Why America Never Stops Genocide
CJ Werleman explores why reports of Donald Trump’s support for China’s Uyghur Muslim camps is not surprising given the gap between the US’ rhetoric and reality on it being the ‘policeman of the world’
After requesting Chinese President Xi Jinping’s interference in this year’s Presidential Election, US President Donald Trump expressed approval for China’s network of Muslim concentration camps in Xinjiang, according to claims made by former American Ambassador to the UN, John Bolton, in his book The Room Where it Happened.
“According to our interpreter,” writes Bolton, “Trump said that Xi should go ahead with building the camps, which Trump thought was exactly the right thing to do.”
This is the leader of the free world allegedly expressing unequivocal support for the most heinous crime against humanity: ethnic cleansing – the cultural genocide of 13 million Muslims – a crime tantamount to that committed by the Nazis against the Jewish people.
While we should be deeply disturbed by the President’s unmitigated endorsement of a UN Security Council colleague’s systematic erasure of a religious-ethnic minority, we should not be surprised, given the US has established a notable track record in doing nothing to prevent genocide.
It has somehow earned a reputation for being the ‘world’s police force’ – despite little in its history to support such an anointment. Earlier this month, the President told West Point cadet graduates that “we are not the policeman of the world”, perhaps the most honest thing the country’s most morally corrupt and craven President has ever said.
Like all powerful states, the US uses its military and economic power only to advance its strategic and national interests. Stopping genocide has never been a part of that calculus, which explains why it does little or nothing prevent state-backed mass killings of religious, ethnic, racial and cultural minorities.
Four years after 800,000 Tutsis and moderate Hutus were butchered by government-backed Hutu extremists in Rwanda in 1994, President Bill Clinton defended his refusal to intervene by falsely claiming that he didn’t “fully appreciate the depth and speed with which [Rwandans] were being engulfed by this unimaginable horror”.
Classified documents obtained under the US Freedom of Information Act, however, demonstrate that Clinton had been warned of a planned “final solution to eliminate all Tutsis” long before the slaughter reached its zenith, but deliberately chose to ignore it because he assessed Rwanda, a resource poor African country, to be of no strategic value.
Similarly, when Serbian forces began killing Muslims in Bosnia in the early 1990s, Clinton chose a detachment strategy of sitting on the sidelines in the belief that US voters cared little for Muslims living on the far edge of Europe, and that a military intervention – or dead American soldiers – would cost him re-election in 1996. He was dragged into intervening only when revelations regarding the genocide at Srebrenica in 1995 made non-intervention politically unsustainable.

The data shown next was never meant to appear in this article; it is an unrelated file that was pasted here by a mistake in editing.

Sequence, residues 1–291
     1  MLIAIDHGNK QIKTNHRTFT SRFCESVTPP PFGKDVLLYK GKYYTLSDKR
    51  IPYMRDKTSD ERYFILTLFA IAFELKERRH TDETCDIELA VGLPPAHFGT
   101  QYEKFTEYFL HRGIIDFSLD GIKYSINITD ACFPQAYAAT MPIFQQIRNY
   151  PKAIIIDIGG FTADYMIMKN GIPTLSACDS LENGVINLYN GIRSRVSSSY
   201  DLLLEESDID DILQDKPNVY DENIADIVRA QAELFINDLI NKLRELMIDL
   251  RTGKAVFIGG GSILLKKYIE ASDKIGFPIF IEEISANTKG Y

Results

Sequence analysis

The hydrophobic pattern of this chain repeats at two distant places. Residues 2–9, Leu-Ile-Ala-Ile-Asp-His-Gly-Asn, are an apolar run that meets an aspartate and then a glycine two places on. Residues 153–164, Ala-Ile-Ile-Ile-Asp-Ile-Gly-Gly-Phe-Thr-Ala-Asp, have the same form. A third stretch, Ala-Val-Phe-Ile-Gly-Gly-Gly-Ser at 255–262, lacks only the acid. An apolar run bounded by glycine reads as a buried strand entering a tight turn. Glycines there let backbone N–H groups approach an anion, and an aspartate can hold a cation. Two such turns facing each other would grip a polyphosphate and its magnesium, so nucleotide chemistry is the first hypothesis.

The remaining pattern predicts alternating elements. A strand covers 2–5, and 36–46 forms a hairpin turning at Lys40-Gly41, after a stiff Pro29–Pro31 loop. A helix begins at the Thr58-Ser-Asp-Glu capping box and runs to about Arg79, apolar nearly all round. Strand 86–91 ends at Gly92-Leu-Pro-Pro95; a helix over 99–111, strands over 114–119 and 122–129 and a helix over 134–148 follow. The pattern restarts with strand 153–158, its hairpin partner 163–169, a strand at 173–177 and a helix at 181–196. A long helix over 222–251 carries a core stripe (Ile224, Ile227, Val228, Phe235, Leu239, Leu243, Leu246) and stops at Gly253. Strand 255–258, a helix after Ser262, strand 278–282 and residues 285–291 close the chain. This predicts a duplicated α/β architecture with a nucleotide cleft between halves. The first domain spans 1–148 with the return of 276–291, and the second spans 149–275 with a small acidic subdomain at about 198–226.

In more recent times, the US has done nothing to stop genocide in Sudan, South Sudan, Myanmar and Syria. It has even mattered not when genocidal regimes have crossed US declared “red lines”, as evident when both Presidents Barack Obama and Trump chose to bomb empty runways in retaliation against Syrian President Bashar al-Assad’s use of chemical weapons.
Time and time again, the US has made itself a bystander to genocide.
According to former US Ambassador Samantha Power – whose book A Problem From Hell: America and the Age of Genocide helped give birth to the international law known as ‘Responsibility to Protect’ – the United States’ reluctance to stop genocide can be explained by the organisation of the country’s political system and lack of “political will”.
“The causal chain [for inaction], though frustrating, is reasonably straightforward,” observes Chaim Kaufmann in a 2002 article for Foreign Affairs. “The rest of the world does not act [to stop genocide] because the United States does not act. The United States does not act, in turn, because public support for humanitarian intervention is diffuse and rarely mobilised.
“Absent clear demonstrations that the public supports intervention, the military is unwilling. Partly because of the military’s position, the political right is opposed. Presidents are cautious and believe that pushing for action cannot benefit them politically but can only cost them. The result is that humanitarian disasters have a hard time getting on an administration’s agenda, let alone generating momentum for action.”
According to Power, US administrations are reluctant to use the term “genocide”, even when it is plainly evident that genocide is taking place, out of fear that doing so will create public support for intervention, which presidents fear will cost them the Oval Office.
Clinton didn’t describe the mass murder of 8,000 Muslims at Srebrenica as “genocide” until 1999 – a full four years after it took place and at the very end of his presidency.
We should be mortified by Trump’s expressed support for China’s cultural genocide of its ethnic Uyghur minority in what was once East Turkestan, but we should not pretend that the US would do anything meaningful to stop it under a different president or at a different time.
The US is most definitely not the “policeman of the world” and it has never pretended or wanted to be. Moral posturing has only ever been a means to project its diplomatic power.